Qualcomm Inc., the largest maker of chips that run mobile phones, plans to shut its wireless FLO TV service in March and will offer rebates to subscribers who bought related products for program viewing.
The company had previously said it would stop taking new subscriptions after the venture failed to meet its targets. Qualcomm has held talks with AT&T Inc. about a possible sale of the wireless spectrum it bought to create FLO, two people with knowledge of the discussions said last month.
FLO was an attempt by Qualcomm Chief Executive Officer Paul Jacobs to diversify the company’s sources of revenue outside chips and licensing and stoke general demand for television on the go. Consumers proved less attracted by FLO’s live programming than by shows that can be viewed on-demand, the executive said in an interview Nov. 17.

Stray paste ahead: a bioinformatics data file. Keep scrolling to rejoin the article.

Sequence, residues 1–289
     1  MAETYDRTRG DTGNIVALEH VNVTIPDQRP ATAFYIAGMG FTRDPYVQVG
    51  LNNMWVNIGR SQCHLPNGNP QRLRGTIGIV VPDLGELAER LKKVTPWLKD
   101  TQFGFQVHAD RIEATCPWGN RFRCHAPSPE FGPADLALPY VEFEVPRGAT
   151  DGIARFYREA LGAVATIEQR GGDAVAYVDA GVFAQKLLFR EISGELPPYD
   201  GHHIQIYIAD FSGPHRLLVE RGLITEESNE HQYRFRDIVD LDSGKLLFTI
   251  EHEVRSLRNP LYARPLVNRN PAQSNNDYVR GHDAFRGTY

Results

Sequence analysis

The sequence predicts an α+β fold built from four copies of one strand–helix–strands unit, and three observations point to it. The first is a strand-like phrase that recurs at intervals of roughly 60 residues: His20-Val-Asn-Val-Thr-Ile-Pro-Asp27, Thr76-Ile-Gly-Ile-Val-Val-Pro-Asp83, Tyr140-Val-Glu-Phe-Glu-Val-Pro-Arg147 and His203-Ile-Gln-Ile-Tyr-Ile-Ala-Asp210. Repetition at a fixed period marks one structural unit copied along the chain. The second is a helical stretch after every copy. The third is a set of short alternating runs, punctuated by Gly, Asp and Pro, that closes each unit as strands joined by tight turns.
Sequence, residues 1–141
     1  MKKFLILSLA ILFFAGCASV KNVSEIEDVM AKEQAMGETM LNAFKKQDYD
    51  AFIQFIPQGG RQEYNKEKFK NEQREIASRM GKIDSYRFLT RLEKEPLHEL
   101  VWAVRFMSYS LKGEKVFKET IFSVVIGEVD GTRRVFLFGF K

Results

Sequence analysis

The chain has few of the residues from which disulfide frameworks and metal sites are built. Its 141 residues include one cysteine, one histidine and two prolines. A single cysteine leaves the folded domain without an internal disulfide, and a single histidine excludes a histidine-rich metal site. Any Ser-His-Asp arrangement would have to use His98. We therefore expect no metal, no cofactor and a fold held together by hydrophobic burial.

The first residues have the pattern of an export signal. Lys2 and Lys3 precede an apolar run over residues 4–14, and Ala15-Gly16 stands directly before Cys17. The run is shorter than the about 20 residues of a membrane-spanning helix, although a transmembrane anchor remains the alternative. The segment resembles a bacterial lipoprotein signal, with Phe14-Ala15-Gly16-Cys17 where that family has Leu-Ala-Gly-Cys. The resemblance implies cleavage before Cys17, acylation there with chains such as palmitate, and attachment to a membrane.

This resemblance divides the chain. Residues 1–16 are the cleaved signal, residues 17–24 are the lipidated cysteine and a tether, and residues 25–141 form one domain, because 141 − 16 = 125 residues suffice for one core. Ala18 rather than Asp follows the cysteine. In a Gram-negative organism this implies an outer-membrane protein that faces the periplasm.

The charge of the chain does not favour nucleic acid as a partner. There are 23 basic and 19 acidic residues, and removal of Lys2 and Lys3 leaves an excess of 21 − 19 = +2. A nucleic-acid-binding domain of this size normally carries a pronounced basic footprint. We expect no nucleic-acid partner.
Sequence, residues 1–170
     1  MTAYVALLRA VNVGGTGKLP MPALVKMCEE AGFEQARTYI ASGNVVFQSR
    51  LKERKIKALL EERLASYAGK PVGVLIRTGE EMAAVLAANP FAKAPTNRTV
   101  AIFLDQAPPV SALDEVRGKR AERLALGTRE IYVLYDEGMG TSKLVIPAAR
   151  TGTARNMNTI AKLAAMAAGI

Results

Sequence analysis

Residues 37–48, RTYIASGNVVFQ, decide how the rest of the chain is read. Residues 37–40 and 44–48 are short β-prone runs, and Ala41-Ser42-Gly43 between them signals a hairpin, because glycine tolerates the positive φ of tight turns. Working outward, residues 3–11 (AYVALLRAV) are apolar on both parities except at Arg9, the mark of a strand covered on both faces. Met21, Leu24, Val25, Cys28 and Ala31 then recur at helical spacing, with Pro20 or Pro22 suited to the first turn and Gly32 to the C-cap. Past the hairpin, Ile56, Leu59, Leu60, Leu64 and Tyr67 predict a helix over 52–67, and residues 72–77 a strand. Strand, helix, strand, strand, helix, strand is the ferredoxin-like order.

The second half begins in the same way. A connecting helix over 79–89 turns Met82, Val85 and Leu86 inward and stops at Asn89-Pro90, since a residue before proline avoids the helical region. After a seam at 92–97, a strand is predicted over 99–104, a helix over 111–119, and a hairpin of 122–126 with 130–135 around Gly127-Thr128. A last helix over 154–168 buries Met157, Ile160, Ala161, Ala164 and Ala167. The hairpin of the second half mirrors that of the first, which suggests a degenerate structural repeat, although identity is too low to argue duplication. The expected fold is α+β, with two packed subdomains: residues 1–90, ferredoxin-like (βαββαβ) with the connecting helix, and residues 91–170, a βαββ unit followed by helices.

Qualcomm paid $683 million for rights to use the needed airwaves -- in the 700 megahertz band -- in federal auctions from 2003 to 2008, and started Flo TV in 2004 to let users watch broadcast TV on their mobile phones. Qualcomm made the rebate and closure announcement on FLO’s website. In November the company said it expected to incur charges of $125 million to $175 million in fiscal 2011 to exit the Flo TV business.
Qualcomm rose 40 cents to $49.48 at 4 p.m. New York time in Nasdaq Stock Market trading. It has gained 7 percent this year.